Six weeks later, Maria Wrafter still waits for a sign. A ray of light, a break in the clouds. Evidence of righteousness, a finger tipping the scale of humanity toward decency.
She never imagined it would come to this for her, for her brother, for their families. No one ever believes that a loved one will end up dead, on the side of a road, in the middle of the night. That only happens to other people, to some other family. Not to a nice-guy handyman from Evans, friendly even with his ex-wife, with three 20-something daughters.
But there it is. Barry “Bob” Moss, riding his bike home after visiting a nearby friend a few nights before Christmas, was run over and killed by someone driving a Ford SUV who – shades of Dr. James Corasanti – did not stop. Did not call for help. Did not, apparently, do anything to save Bob Moss – who was found dead on the side of Route 5 at daybreak, next to his mangled bike.
The reported owner of the SUV is Gabriele “Gabe” Ballowe, who runs the popular beachfront bar/restaurant South Shore Beach Club. Her damaged SUV was found days later 20 miles away, at a collision shop that Wrafter said is run by a friend of Ballowe. Authorities call Ballowe – who has hired a lawyer and is not commenting – a “person of interest” in the investigation. Six weeks later, there is no arrest. Wrafter dismisses chatter that the investigation is slow-tracked because Ballowe is chummy with local cops. I’m not buying it, either.
Cases like this are notoriously tough for police. Choosing to step on the gas, instead of on the brake, after running someone down is morally reprehensible. But for anyone more concerned with not getting caught than with helping the victim, running away is – sadly – often the way to go. That’s the problem with this case. Unless the driver admits guilt, or confessed to someone who speaks up, or there is a witness who saw the suspect behind the wheel, it’s tough to arrest – much less to convict – anyone of the crime. By state law, said District Attorney Frank Sedita III, hauling a suspect before a grand jury – in a bizarre Catch-22 – guarantees that justice will not be done.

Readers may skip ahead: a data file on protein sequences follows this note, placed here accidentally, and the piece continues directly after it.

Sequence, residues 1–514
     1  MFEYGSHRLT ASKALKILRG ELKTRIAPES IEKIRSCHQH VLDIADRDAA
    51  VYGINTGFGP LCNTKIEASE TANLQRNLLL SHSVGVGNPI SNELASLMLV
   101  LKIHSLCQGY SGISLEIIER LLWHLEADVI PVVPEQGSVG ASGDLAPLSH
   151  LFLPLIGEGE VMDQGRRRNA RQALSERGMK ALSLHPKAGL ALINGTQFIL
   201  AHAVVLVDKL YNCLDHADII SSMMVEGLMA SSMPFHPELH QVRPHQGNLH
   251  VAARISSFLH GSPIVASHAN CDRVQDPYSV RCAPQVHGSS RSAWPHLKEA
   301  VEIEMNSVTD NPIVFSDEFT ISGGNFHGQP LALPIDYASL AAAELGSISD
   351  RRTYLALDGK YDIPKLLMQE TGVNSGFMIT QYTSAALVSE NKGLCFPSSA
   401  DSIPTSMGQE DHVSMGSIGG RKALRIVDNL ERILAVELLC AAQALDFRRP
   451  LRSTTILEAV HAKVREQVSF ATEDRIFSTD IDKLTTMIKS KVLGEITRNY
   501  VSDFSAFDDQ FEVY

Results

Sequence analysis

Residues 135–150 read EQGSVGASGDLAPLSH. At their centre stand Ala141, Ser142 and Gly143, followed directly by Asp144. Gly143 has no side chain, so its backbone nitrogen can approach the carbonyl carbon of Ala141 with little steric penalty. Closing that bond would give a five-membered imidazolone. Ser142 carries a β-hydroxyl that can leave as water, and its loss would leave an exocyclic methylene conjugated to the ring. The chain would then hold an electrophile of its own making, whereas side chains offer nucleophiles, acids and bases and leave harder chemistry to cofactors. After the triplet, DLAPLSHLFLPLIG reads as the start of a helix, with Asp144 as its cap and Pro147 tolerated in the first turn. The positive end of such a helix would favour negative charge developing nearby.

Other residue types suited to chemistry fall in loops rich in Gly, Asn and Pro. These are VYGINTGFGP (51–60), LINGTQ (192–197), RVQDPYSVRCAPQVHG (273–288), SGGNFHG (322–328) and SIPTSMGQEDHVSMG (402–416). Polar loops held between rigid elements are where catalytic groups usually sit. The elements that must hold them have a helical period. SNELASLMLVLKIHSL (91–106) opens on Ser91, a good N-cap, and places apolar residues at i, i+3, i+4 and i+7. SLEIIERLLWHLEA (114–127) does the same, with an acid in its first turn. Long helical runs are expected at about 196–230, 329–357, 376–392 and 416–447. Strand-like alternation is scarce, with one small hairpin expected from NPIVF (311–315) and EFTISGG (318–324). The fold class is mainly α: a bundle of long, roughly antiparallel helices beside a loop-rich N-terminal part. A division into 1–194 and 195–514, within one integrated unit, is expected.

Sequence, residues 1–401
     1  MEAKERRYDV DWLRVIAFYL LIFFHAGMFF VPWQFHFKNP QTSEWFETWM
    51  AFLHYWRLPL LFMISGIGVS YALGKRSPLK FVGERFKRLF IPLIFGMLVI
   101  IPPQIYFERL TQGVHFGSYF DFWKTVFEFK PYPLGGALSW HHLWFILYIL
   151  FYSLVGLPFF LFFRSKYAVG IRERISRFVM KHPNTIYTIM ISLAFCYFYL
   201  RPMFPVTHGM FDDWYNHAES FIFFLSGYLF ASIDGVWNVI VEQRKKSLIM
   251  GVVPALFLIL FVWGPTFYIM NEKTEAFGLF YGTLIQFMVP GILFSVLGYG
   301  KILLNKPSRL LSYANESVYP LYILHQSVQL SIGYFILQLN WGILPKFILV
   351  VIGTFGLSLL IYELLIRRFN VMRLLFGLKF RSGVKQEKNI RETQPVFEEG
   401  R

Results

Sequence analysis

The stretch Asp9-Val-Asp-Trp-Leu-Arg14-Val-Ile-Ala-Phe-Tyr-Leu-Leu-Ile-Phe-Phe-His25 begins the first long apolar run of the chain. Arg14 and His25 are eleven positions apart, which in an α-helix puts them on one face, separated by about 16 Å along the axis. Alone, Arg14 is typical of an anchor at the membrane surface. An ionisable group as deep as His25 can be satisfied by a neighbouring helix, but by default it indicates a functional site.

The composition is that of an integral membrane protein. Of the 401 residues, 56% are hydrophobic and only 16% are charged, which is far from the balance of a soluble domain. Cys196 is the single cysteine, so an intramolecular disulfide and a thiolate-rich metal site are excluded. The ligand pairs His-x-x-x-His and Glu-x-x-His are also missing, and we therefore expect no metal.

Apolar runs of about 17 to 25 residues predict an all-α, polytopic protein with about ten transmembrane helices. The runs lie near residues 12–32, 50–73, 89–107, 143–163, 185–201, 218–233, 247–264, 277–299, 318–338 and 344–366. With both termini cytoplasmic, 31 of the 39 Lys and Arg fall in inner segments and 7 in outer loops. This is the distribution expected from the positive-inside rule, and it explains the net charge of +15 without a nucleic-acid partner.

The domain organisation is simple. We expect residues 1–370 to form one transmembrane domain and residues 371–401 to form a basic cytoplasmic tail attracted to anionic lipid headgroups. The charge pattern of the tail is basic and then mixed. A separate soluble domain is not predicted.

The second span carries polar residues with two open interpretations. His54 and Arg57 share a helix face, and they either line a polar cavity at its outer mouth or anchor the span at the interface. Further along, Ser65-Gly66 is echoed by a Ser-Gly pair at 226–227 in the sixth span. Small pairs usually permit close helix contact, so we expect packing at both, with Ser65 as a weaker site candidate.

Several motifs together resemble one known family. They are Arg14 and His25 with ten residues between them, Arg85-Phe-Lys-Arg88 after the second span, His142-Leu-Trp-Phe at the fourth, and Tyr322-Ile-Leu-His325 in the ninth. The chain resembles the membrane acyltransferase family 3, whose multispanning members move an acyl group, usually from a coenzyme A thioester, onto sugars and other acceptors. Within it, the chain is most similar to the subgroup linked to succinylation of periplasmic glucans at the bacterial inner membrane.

“We could compel a suspect to testify,” Sedita said, “but that person then could not be prosecuted for the crime.”
Which leaves investigators to track timelines, sift cellphone records and knock on doors. Evans police are searching for someone who saw the driver of that SUV leave a bar or a restaurant, a casino or a holiday party just after midnight Dec. 22.
This is where the scale tips for Maria Wrafter. Bob Moss’ sister believes that most people are inherently good. She believes that most people, if they knew something, would not keep silent out of misplaced loyalty. Not when it would help a criminal, sabotage justice and seal a man’s family in an emotional limbo.
“I can’t let it be part of our family history that one of us was mowed down like a rodent, and nothing came of it,” Wrafter told me. “If the system doesn’t take care of people, it doesn’t give our kids much to believe in.”
Wrafter is vice president of a Buffalo building materials company and mother of two teenagers. Trim and tidy, she exudes decency and self-control – underpinnings that brace her in this storm. During an hourlong conversation, her voice never rises.
It is barely two weeks since Ballowe’s name became public. Wrafter waits for the dime to drop, for the silence to break, for someone who knows what happened – and there likely is someone, besides the driver – to call the 549-3600 hotline.
“It is not too late for someone to do the right thing,” Wrafter said. “Our family needs to heal. I can’t think straight or focus, I keep wondering what more can I do to find justice for my brother.”
She is haunted by the thought of her brother, badly hurt or dead, lying for hours by the side of road. A driver saw the mangled bike at daybreak Dec. 22, then the body.
“Who knows what my brother’s outcome would have been” if the hit-and-run driver had stopped, she said. “Even if he was dead, he deserved more respect than to be left on the side of the road.”
About 100 people Saturday night braved a cold rain for a candlelight vigil. The town park, Wrafter said, is across the street from Ballowe’s apartment at the South Shore Beach Club. Wrafter took comfort in what a minister told her, that Moss’ belief in God meant he was not alone that night, on the side of the road.
In that sense, the only one alone that night was behind the wheel of the SUV. And whoever, by his or her silence, is riding along.